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Assuming I ve got a large file where I want to replace nth line. I am aware of this solution:

w = open('out','w')
for line in open('in','r'):


I do not want to rewrite the whole file with many lines if the line which is to be replaced in the beginning of the file. Is there any proper possibility to replace nth line directly?

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I believe you could use command line tools to do it brunolinux.com/02-The_Terminal/Find_and%20Replace_with_Sed.html –  dm03514 Apr 24 '13 at 22:43
The Problem is that command line tools do exactly the same: write a temporary file –  ProfHase85 Apr 24 '13 at 22:46
@ProfHase85: Why is that a problem? It's the way pretty much everything works. There's a reason that we pretty much dropped the "random access files vs. sequential files" distinction back in the early 80s and only have sequential files nowadays. –  abarnert Apr 24 '13 at 22:52
Also, your sample code is opening different files for read and write, but your description is about replacing lines in-place within a file. Which one do you actually want? –  abarnert Apr 24 '13 at 22:54
You re right, forgot the last to lines I added now –  ProfHase85 Apr 24 '13 at 23:05

1 Answer 1

up vote 6 down vote accepted

Unless your new line is guaranteed to be exactly the same length as the original line, there is no way around rewriting the entire file.

Some word processors get really fancy by storing a journal of changes, or a big list of chunks with extra space at the end of each chunk, or a database of smaller chunks, so that auto-save modifications can be done quickly (just append to the journal, or rewrite a single chunk, or do a database update), but the real "save" button will then reconstruct the whole file and write it all at once.

This is worth doing if you autosave much more often than the user manually saves, and your files are very big. (Keep in mind that when, e.g., Microsoft Word was designed, 100KB was really big…)

And this points to the right answer. If you've got 5GB of data, and you need to change the Nth record within that, you should not be using a format that's defined as a sequence of variable-length records with no index. Which is what a text file is. The simplest format that makes sense for your case is a sequence of fixed-size records—but if you need to insert or remove records as well as changing them in-place, it will be just as bad as a text file would. So, first think through your requirements, then pick a data structure.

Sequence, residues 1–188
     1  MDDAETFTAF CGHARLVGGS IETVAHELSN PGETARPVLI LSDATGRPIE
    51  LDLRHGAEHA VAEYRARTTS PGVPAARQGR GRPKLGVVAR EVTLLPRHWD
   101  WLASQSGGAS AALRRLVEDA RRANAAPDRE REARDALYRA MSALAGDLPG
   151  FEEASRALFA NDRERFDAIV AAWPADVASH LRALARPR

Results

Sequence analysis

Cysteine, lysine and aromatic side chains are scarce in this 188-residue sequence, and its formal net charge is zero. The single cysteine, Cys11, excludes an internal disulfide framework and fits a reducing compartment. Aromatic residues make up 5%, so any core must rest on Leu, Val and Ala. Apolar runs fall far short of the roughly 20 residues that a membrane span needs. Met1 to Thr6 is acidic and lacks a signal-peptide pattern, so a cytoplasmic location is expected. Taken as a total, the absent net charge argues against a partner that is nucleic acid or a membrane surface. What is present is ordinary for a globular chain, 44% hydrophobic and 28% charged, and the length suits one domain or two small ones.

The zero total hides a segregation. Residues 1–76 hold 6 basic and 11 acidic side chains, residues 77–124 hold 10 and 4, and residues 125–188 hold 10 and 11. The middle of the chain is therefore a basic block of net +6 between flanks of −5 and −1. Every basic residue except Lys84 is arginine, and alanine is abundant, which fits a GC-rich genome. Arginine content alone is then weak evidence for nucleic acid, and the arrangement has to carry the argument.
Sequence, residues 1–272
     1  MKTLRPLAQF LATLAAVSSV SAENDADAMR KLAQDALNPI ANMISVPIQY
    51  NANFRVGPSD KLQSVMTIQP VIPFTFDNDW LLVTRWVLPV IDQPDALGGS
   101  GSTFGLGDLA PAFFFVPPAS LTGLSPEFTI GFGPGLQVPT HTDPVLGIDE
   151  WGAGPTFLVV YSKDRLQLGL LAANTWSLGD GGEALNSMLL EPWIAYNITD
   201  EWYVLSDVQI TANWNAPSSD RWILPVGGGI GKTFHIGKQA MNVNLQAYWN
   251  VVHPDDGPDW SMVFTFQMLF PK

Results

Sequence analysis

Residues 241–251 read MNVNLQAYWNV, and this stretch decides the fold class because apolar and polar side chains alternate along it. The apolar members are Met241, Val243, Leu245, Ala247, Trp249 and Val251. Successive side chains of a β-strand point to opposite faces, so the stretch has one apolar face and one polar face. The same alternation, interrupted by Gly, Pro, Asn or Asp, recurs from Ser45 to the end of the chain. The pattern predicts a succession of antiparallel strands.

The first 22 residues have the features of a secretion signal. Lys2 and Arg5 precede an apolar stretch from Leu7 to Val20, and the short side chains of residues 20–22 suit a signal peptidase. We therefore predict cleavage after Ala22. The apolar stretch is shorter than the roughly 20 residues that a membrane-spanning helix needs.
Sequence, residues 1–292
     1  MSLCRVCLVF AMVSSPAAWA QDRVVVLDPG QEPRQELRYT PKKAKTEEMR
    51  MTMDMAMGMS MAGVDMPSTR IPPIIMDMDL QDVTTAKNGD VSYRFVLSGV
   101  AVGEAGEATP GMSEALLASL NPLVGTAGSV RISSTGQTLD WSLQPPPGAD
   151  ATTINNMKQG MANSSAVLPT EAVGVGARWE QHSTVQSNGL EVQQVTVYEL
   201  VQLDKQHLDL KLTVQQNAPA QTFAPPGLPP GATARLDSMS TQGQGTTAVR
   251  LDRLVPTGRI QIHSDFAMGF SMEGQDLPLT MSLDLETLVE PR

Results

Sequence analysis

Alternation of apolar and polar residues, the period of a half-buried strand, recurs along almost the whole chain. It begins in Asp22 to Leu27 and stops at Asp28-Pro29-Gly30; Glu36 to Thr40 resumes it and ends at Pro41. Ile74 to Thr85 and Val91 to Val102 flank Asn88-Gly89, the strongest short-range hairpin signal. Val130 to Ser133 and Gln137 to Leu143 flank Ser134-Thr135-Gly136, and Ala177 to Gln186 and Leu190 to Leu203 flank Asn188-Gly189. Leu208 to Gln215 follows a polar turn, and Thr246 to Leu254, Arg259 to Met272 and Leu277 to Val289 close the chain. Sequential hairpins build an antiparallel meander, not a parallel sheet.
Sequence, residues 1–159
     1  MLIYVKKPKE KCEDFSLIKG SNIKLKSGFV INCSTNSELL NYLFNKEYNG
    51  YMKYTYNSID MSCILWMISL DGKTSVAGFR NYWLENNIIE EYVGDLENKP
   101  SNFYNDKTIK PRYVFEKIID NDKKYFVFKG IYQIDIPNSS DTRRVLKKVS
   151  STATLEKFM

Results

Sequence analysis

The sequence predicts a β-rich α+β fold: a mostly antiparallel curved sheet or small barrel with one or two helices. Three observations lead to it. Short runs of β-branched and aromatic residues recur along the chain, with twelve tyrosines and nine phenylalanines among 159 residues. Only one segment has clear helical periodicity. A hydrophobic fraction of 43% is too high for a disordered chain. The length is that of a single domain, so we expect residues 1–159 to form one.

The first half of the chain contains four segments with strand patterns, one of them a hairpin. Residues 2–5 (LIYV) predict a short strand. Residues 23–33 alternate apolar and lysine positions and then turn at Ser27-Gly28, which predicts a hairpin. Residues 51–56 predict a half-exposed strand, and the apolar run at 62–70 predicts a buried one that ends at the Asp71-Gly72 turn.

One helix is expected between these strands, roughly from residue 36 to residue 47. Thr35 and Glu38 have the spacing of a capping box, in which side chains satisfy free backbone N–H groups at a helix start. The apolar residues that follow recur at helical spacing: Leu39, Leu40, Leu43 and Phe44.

If you need to deal with some more limited format (like text files) for interchange with other programs, that's fine. You will have to rewrite the entire file once, after all of your changes, to "export", but you won't have to do it every time you make any change.

If all of your lines are exactly the same length, you can do this as follows:

with open('myfile.txt', 'rb+') as f:
    f.seek(FIXED_LINE_LENGTH * line_number)

Note that it's length in bytes that matters, not length in characters. And you must open the file in binary mode to use it this way.

If you don't know which line number you're trying to replace, you'd want something like this:

with open('myfile.txt', 'rb+') as f:
    for line_number, line in enumerate(f):
        if is_the_right_line(line):
            f.seek(FIXED_LINE_LENGTH * line_number)

If your lines aren't all required to be the same length, but you can be absolutely positive that this one new line is the same length as the old line, you can do this:

with open('myfile.txt', 'rb+') as f:
    last_pos = 0
    for line_number, line in enumerate(f):
        if is_the_right_line(line):
        last_pos = f.tell()
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Why cannot I use f.readline() n times? –  ProfHase85 Apr 24 '13 at 22:53
@ProfHase85: For which version? And to accomplish what (or, rather, in place of which code)? –  abarnert Apr 24 '13 at 22:54
for the first version for example without needing the FIXED_LINE_LENGTH: with open('myfile.txt', 'rb+') as f: for i in range(line_number) f.readline() f.write(new_line) –  ProfHase85 Apr 24 '13 at 22:58
@ProfHase85: Yeah, I guess you could… but it will be a lot slower for no real benefit, and also potentially confusing (because the file is a random-access collection of fixed-size records that happen to all end with newlines, but you're treating it as if it were a text file full of variable-length lines). –  abarnert Apr 24 '13 at 23:01
I don't understand your question. What do you mean "i do not understand why any line is replaced"? In each case, we're seeking to the start of the line before doing the write. You can only do this if you know where the start of the line is. If lines are fixed length, and you know the line number in advance, you can just seek. If neither of those are true, you can't know which line you want until after you've already read it, which means you need to seek backward, which means you need to stash the tell. And so on. I can't think of any situation where what you're suggesting makes sense. –  abarnert Apr 24 '13 at 23:15

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